Do you know of ILLiad? It’s an interlibrary loan system from which I’ve recently requested and received the following books (that my own university library does not have):
- Gordon Lish’s Mourner at the Door and My Romance and Krupp’s Lulu
- Helene Cixous’s Coming to Writing and Other Essays
- Ken Sparling’s Dad says he saw you at the mall
- Peter Handke’s The Weight of the World
- DFW’s Infinite Jest
- Bernadette Mayer’s Midwinter Day
- Mark Halliday’s Tasker Street
- Aimee Parkison’s Woman with Dark Horses
- Nina Shope’s Hangings: Three Novellas
- Sara Greenslit’s The Blue of Her Body
- Zachary Mason’s The Lost Books of the Odyssey
- Janet Mitchell’s The Creepy Girl and Other Stories
- Jacques Roubaud’s Some Thing Black
- Gary Young’s No Other Life
- Marilyn Hacker’s Love, Death, and the Changing of the Seasons
- Theresa Hak Kyung Cha’s Dictee
- Michael Hardt’s and Antonio Negri’s Empire
- Frank Stanford’s The Battlefield Where the Moon Says I Love You
I don’t know what I’d do without the ILLiad. What books are on your to-read-but-don’t-have-yet list?
The qualities of the new sentence:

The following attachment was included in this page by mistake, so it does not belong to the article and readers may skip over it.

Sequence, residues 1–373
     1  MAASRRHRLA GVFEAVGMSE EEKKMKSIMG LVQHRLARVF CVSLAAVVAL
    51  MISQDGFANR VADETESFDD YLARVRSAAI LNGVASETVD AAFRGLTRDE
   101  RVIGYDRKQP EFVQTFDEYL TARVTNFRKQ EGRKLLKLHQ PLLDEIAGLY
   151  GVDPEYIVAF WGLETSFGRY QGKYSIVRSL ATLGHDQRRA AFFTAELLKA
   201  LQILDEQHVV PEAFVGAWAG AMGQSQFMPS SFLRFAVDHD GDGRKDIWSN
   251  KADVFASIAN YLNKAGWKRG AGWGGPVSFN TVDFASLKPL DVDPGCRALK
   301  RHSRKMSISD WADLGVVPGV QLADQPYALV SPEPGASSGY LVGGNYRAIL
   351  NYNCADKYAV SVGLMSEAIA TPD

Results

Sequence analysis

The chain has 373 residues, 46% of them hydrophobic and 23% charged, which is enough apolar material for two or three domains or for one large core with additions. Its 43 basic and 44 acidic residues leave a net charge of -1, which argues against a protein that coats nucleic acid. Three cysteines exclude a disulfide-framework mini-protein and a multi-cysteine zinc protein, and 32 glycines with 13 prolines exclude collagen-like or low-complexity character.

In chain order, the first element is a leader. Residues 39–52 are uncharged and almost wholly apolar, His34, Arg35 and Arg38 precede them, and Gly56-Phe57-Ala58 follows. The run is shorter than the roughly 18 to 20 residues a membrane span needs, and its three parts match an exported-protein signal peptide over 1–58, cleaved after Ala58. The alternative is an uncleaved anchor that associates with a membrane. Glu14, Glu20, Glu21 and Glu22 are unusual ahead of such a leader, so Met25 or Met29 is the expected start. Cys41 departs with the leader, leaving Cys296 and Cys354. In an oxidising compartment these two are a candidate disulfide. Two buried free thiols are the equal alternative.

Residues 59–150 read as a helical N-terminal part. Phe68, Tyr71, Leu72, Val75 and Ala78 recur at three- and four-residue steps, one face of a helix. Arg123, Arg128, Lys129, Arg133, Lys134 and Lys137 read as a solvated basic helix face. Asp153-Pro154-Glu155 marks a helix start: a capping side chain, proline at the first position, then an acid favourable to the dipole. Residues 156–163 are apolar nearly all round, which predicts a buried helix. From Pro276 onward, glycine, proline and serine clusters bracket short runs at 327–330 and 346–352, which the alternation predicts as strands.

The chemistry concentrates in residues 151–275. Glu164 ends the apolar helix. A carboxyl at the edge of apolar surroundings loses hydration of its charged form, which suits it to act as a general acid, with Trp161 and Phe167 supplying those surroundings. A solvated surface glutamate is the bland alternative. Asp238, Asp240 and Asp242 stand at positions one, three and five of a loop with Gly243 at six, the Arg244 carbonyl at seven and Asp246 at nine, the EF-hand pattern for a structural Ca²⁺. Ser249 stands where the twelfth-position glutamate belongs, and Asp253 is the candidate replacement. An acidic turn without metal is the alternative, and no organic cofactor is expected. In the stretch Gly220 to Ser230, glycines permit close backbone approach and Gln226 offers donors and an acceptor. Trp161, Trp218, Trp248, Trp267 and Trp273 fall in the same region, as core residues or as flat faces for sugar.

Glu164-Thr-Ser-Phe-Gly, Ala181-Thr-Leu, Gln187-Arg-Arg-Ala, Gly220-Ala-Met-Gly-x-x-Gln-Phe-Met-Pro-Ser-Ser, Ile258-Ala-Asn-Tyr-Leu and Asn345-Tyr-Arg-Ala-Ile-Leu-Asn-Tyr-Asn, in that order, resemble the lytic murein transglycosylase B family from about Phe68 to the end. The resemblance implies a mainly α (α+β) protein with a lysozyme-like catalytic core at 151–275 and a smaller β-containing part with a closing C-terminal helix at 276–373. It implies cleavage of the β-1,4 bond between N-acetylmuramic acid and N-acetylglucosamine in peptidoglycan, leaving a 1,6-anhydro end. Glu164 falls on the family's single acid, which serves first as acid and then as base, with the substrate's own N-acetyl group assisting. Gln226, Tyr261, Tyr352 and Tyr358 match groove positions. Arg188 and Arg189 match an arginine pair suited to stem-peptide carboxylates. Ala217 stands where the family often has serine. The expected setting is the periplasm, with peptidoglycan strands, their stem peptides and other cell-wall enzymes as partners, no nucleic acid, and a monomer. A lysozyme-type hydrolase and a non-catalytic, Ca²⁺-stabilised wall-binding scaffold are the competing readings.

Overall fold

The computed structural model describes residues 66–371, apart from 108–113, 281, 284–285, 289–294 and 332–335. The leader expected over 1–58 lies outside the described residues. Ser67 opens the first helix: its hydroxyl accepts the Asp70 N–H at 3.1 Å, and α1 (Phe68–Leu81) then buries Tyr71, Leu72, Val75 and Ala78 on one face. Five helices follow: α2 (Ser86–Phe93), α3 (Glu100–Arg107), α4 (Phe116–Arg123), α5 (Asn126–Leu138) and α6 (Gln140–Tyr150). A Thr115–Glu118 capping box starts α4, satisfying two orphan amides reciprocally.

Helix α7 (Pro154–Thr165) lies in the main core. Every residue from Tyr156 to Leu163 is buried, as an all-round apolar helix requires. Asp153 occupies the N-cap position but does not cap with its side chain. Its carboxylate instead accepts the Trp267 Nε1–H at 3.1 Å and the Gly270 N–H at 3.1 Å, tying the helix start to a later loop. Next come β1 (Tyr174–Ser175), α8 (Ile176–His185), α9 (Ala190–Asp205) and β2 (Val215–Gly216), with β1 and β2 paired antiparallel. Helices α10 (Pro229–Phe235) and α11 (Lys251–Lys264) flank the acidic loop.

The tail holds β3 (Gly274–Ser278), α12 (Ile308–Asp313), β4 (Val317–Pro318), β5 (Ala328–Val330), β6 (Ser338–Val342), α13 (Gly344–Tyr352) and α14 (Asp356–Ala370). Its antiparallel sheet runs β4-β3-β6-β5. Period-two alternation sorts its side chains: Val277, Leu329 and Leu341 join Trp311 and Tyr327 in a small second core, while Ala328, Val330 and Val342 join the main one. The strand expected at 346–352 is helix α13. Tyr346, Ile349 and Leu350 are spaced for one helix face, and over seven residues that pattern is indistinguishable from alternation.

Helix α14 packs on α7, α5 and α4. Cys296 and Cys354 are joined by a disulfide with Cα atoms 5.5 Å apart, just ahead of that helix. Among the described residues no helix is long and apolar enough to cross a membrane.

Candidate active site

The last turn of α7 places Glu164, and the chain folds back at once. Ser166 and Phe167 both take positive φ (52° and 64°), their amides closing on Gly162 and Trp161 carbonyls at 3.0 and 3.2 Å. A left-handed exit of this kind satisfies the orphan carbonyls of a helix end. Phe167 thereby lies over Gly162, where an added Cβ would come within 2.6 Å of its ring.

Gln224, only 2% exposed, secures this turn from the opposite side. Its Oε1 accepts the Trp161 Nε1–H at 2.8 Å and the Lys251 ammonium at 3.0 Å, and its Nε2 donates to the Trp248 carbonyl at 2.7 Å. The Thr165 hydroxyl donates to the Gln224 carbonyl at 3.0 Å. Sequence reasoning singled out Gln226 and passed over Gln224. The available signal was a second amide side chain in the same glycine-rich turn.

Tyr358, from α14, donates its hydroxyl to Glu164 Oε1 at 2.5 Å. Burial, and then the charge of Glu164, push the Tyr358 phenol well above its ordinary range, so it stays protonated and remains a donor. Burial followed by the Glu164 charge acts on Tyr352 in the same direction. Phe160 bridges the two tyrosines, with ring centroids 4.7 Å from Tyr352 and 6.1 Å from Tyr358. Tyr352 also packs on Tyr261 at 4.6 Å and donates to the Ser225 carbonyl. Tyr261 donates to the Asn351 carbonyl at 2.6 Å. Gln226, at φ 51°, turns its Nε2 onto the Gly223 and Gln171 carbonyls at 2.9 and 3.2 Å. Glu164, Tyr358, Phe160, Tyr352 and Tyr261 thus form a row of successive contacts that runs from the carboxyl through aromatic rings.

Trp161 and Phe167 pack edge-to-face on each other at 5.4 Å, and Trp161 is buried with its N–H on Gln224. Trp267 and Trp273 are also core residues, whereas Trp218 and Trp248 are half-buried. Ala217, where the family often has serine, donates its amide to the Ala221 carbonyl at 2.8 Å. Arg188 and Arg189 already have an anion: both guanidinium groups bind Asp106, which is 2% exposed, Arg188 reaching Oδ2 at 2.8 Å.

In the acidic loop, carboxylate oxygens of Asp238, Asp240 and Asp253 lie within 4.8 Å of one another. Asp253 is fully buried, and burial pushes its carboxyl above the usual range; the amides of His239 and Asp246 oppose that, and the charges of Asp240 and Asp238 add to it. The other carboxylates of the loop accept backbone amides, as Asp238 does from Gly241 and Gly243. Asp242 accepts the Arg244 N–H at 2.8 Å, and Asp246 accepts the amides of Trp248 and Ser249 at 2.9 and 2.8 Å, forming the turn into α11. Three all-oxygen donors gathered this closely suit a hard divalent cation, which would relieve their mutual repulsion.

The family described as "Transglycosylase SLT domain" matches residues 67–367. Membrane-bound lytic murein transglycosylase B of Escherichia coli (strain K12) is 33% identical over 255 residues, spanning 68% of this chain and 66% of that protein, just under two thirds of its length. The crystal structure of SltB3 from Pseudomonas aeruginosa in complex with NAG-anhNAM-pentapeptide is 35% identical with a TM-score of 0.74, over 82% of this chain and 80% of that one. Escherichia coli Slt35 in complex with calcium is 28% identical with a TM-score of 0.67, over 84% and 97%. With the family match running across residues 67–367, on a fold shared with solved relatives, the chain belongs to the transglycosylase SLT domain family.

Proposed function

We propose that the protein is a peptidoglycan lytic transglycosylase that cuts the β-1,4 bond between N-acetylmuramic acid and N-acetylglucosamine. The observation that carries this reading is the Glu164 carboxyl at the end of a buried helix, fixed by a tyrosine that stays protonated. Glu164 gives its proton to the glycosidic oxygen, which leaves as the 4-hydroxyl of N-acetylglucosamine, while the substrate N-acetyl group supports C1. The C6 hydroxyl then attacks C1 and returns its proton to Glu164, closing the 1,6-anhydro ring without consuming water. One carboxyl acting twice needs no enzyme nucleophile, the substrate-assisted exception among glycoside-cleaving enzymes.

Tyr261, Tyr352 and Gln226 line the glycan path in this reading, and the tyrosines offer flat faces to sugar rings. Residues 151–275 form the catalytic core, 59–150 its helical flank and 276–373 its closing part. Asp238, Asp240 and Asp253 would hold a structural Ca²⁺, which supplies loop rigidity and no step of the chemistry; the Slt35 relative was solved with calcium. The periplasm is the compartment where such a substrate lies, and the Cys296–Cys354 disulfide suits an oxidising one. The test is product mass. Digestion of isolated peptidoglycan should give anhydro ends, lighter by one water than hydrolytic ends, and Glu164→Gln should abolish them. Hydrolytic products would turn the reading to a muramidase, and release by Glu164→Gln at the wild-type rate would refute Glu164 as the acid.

1) The paragraph organizes the sentences;
2) The paragraph is a unit of quantity, not logic or argument;
3) Sentence length is a unit of measure;
4) Sentence structure is altered for torque, or increased polysemy/ambiguity;
5) Syllogistic movement is (a) limited (b) controlled;
6) Primary syllogistic movement is toward the paragraph as a whole, or the total work;
7) Secondary syllogistic movement is toward the paragraph as a whole, or the total work;
8) The limiting of syllogistic movement keeps the reader’s attention at or very close to the level of language, the sentence level or below.
I first heard about this book approximately six years ago, in my first semester of graduate school at U Nebraska, when Marjorie Perloff (then president of MLA) came to Lincoln to give a talk that would end up being a formative moment in my education. That was where I first learned about L=A=N=G=U=A=G=E poetry, first heard the name Christian Bök, and first experienced a poem by Charles Bernstein — Perloff shared a particularly brilliant one called “Every Lake Has A House” (which you can listen to Bernstein read here).